DP and work

(35 Posts)

This is my first post in AIBU, but I really don't think I am but I'd be more than happy to be told otherwise.

DP has been contracting with a company for the past 2 years, he's very well respected in The company, he was head hunted by them and they really chased to get him and since he's been there they've made several offers of permanent employment and have bent over backwards to meet his needs.

He's finally agreed to go permanent, and has been in talks to iron out the details, they've have agreed to his requested salary, over time rate and holidays and the other little bits he's added into the contract of employment. So that's all great.

Here is the sticking point.

Our DS (my bio his step) has got cystic fibrosis, as you'll probably know it's a life limiting condition and his health will deteriorate until the end.
He is 9 now and at the point where it is likely to start going down hill at a more noticeable rate, we as parents need to consider the changes it will make to our lives.

However, DP refuses to tell his employer about DS's condition shock he says it's not something they need to know and it could damage his chances of getting the right package at work.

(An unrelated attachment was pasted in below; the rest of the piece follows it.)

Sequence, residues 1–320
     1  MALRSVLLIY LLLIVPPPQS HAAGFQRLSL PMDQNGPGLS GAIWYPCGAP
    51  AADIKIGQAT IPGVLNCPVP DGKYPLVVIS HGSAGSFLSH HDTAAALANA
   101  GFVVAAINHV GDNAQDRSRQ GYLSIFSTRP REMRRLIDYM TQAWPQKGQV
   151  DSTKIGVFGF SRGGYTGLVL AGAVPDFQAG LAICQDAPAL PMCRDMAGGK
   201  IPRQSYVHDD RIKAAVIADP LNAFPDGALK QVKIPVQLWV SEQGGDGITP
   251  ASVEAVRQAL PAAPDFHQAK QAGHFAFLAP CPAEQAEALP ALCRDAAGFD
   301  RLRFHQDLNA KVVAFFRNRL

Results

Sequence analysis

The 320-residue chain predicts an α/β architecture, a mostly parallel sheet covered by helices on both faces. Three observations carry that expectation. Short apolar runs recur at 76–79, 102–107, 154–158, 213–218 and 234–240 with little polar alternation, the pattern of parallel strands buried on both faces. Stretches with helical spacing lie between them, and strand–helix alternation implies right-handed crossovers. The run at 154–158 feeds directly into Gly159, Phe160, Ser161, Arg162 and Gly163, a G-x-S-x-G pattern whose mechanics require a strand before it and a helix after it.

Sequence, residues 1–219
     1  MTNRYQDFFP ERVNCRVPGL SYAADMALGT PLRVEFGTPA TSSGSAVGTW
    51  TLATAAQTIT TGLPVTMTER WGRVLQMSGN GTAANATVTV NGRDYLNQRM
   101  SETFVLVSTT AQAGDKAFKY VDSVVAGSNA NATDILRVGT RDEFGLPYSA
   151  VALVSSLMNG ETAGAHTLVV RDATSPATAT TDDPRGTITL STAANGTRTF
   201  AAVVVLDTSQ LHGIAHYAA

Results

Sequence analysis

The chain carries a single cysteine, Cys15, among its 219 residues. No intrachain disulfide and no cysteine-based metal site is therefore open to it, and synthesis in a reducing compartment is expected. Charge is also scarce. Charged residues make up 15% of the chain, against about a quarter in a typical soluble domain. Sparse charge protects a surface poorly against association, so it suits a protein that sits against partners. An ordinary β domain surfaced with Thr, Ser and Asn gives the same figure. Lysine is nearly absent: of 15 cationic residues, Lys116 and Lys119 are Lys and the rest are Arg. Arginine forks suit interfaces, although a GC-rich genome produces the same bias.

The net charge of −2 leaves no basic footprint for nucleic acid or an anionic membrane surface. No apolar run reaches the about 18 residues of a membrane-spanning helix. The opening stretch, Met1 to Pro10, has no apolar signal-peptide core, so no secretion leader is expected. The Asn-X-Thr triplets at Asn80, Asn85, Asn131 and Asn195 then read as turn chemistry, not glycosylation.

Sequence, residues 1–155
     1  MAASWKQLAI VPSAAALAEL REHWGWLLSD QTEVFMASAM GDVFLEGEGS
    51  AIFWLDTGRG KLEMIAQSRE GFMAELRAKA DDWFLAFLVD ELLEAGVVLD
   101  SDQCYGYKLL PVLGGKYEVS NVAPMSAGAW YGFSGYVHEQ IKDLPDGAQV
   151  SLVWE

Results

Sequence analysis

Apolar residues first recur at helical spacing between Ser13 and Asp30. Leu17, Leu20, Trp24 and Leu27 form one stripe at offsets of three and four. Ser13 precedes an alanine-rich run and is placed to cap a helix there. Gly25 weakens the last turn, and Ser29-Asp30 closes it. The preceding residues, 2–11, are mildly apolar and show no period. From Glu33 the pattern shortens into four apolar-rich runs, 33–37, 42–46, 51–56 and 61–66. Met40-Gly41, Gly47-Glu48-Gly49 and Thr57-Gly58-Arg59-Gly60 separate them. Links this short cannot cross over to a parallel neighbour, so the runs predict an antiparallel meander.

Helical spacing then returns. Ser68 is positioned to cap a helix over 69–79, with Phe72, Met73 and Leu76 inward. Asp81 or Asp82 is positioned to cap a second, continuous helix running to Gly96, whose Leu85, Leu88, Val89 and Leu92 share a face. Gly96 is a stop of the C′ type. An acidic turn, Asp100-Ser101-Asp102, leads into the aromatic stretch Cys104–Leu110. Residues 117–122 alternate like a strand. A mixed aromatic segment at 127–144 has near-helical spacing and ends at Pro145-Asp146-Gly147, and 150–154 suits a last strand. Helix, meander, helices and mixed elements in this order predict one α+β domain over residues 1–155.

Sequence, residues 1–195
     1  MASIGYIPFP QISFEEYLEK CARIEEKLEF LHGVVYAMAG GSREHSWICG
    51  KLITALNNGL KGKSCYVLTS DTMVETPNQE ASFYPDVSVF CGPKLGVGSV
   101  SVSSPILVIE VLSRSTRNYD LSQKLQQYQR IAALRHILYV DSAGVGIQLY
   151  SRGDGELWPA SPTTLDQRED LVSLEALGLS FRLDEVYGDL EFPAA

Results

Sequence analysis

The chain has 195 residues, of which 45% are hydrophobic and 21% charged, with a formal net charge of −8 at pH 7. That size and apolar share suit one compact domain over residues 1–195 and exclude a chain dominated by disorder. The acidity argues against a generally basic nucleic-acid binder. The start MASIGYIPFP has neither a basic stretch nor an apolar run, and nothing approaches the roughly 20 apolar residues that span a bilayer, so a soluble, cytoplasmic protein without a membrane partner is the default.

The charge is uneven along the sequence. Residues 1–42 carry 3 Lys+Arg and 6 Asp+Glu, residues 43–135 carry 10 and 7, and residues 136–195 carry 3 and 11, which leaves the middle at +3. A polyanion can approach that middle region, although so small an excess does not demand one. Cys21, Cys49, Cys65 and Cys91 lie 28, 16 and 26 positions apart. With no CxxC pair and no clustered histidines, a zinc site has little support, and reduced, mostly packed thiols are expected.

My argument is that we have 2 other children, (one his and one step for want of a better term, he treats them all equally and is a great dad to all 3 DCs)
Sometimes he will need to work from home, the other 2 will need to be collected from school and cared for overnight while the other one of us in with DS in the hospital, which is sometimes not our local but 2-3 hours away.
I feel his employer should be aware of this, it won't mean he can't work, his work is more than do able from home and he's proved himself time and time again that he will always get the job done, even if it means surviving on 1 hours sleep for days/weeks at a time.

AIBU, to think he should tell them so they are more receptive to him needing more flexibility in the future?

Luckily we always keep a contingency of 6 months wages in the bank in case he has to take unpaid leave, plus he wouldn't actually be not working, just working from home rather than the office which is 10 mins down the road from our house! (Main reason why he is happy to go perm)